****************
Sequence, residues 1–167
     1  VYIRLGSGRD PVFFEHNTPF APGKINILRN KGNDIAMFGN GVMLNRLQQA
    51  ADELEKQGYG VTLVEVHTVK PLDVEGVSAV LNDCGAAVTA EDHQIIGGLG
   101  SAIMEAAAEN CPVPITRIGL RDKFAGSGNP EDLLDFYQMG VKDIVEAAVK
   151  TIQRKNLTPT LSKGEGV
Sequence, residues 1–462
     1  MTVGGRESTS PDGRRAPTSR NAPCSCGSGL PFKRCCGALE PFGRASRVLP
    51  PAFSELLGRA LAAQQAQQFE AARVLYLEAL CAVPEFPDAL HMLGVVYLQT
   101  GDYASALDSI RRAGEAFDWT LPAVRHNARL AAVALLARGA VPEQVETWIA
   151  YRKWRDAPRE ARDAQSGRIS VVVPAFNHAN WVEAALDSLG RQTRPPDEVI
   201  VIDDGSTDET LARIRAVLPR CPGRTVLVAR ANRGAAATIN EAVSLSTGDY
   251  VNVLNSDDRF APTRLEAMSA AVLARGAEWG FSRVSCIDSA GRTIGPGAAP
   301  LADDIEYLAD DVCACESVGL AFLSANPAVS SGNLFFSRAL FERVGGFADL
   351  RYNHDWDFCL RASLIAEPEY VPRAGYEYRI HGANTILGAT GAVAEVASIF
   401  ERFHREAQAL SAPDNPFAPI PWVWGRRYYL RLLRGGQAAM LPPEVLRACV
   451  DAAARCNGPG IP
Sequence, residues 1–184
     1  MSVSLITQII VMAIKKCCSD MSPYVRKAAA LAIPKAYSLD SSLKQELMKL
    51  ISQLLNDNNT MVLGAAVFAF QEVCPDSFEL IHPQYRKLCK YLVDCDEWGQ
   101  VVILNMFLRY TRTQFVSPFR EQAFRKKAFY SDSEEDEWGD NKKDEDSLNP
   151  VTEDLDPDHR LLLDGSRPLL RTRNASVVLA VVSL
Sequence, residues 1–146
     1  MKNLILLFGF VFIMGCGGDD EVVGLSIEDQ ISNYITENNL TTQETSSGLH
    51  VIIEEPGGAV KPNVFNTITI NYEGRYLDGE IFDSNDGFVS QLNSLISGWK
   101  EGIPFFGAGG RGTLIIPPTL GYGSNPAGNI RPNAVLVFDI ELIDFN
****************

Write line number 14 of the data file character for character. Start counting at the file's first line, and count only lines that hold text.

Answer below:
   351  RYNHDWDFCL RASLIAEPEY VPRAGYEYRI HGANTILGAT GAVAEVASIF